Wonder Woman Officially Bimonthly

DC Comics just sent out a news update:

Please note that beginning now, WONDER WOMAN will be published on a bimonthly schedule.

WONDER WOMAN #3 (JUN060222) is available for advance reorder and is scheduled to arrive in stores on October 11.

All orders on WONDER WOMAN #4 (JUL060198) have been cancelled. This issue will be resolicited in the October Previews (Volume XVI #10), scheduled to arrive in stores in December.

Beginning now? How about beginning with #1?

9 Responses to “Wonder Woman Officially Bimonthly”

  1. Craig Says:

    Remember when slipping to a bimonthly schedule meant that the comic was close to cancellation? I kind of miss those days….

    Of course, I don’t really miss Don Heck’s artwork, either, so I guess I’m torn…

    I really wonder if there was any lead time given to either writer or artist for this book. Why is it necessary to rush? Wouldn’t having 12 books out on time be more profitable? That’s a genuine question, I’m not just being facetious.

  2. Johanna Says:

    The writer has TV commitments, which I’m guessing is part of the problem.

    And yes, 12 issues of a moderately successful title will tend to make more money than 6 or fewer issues of a highly successful one.

  3. George Says:

    Well, at least it’s getting easier and easier to just decide not to follow this book at all in serial format. A bi-monthly WW with a restored secret identity cliche, nostalgia for the spinning-into-costume routine, and the white jumpsuit isn’t something I’m really interested in. Now if only DC will decide to extend its tpb collections of the Perez era through the end of his run as writer–there’s a non-monthly WW I’d buy.

  4. Jer Says:

    I was actually counting on the book running late for bugetary reasons anyway – an official announcement of bi-monthly for the book is more a confirmation of reality than a change of status. Thanks DC for cutting my purchase of Wonder Woman from $3 per month to $1.50, you’ve saved me $18 per year!

    And I remember back in the day when artists were almost exclusively the culprits in the “late book” phenomenon – its strange to me that writers are having these kinds of problems – especially TV writers who normally write for “hour” long serials. It would seem to be that by their pacing, roughly 10 minutes of action takes place in a comic book (or less, if you’re Joss Whedon), so four issues would be roughly equivalent to 1 full script. Not that I’m condoning that style of pacing, but that’s how they seem to be writing it. I know they write in teams for TV and all, but 1 full script every 4 months doesn’t seem like it would be overwhelming. Maybe I’m wrong and the process isn’t as seamless as that, but the books I’ve read from TV-writer crossovers (including Heiberg’s own Young Avengers) seem to match that style of pacing.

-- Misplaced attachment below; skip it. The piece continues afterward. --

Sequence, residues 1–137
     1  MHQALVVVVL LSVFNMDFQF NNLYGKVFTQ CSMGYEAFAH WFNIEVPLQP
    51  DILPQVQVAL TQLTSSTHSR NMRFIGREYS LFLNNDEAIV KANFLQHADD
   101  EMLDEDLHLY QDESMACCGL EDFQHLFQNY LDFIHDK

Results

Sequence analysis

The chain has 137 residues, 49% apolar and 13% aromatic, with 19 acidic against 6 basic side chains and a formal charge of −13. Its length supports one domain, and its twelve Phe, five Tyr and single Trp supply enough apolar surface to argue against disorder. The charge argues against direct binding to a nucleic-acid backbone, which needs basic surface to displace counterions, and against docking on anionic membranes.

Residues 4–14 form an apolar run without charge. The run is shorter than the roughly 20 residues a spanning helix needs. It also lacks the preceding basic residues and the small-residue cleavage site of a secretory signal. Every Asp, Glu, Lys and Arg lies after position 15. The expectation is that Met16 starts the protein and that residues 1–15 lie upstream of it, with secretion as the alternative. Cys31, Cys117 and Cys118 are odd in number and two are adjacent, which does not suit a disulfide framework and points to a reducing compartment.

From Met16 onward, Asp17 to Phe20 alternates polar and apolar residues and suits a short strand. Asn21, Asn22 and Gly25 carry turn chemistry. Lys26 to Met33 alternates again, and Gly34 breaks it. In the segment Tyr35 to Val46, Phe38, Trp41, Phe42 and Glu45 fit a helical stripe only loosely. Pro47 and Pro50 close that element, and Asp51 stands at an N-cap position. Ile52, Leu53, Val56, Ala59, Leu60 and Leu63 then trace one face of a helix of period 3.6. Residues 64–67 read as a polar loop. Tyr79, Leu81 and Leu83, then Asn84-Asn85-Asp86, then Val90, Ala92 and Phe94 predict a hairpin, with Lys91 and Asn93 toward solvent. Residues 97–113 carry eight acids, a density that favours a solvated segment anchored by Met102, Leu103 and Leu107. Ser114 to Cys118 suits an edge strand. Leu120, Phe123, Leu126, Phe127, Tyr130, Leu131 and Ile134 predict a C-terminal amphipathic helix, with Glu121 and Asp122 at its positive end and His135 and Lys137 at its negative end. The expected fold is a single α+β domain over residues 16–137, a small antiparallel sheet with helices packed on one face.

5. Johanna Says:

    George, I didn’t review #1 because it all seemed so generic to me. I know part of that is my changing taste, but I think part is also that the book is being built by-the-numbers.

    Jer, I think there’s a learning curve that’s often underestimated. Not everyone can start writing comics effectively — there are unique qualities to the medium that need to be understood and mastered.

  6. James Schee Says:

    Hmmm it could be interesting to see if 6 issues of this book actually get out before 3 issues of Hughes All Star Wonder Woman which doesn’t start until next year.:)

  7. Jer Says:


    I think you may be being too generous with the learning curve aspect – I think it may just be priorities. The comic companies seem to be more understanding with “schedule slip” for writers and artists than the TV folks are – understandably, because the money invested in TV is huge and the stakes are high. When a writer starts to prioritize, the fact that missing a TV deadline might cause him some heavy pain on his career while missing a comic book deadline will get some pained phone calls from his editor probably plays into it a bit.

    I’m sure you’re right, at least some of it is learning curve – writing for comics SHOULD be quite different than writing for TV, or movies, or novels, or what have you. But Heinberg’s Young Avengers just drip with TV writing – especially in the pacing. The way his books read, I guess I just think his TV writing skills should be helping him crank out the scripts, not hurting him that much.

  8. Lyle Says:

    The comic companies seem to be more understanding with “schedule slip” for writers and artists than the TV folks are – understandably, because the money invested in TV is huge and the stakes are high.

    That’s a good point, Jer… especially if one is writing for a show like Grey’s Anatomy where a late script can have consequences similar to Civil War being delayed (since the network can’t skip ahead and show the next completed episode).

  9. Johanna Says:

    I agree, TV is likely seen as much more important by everyone concerned.




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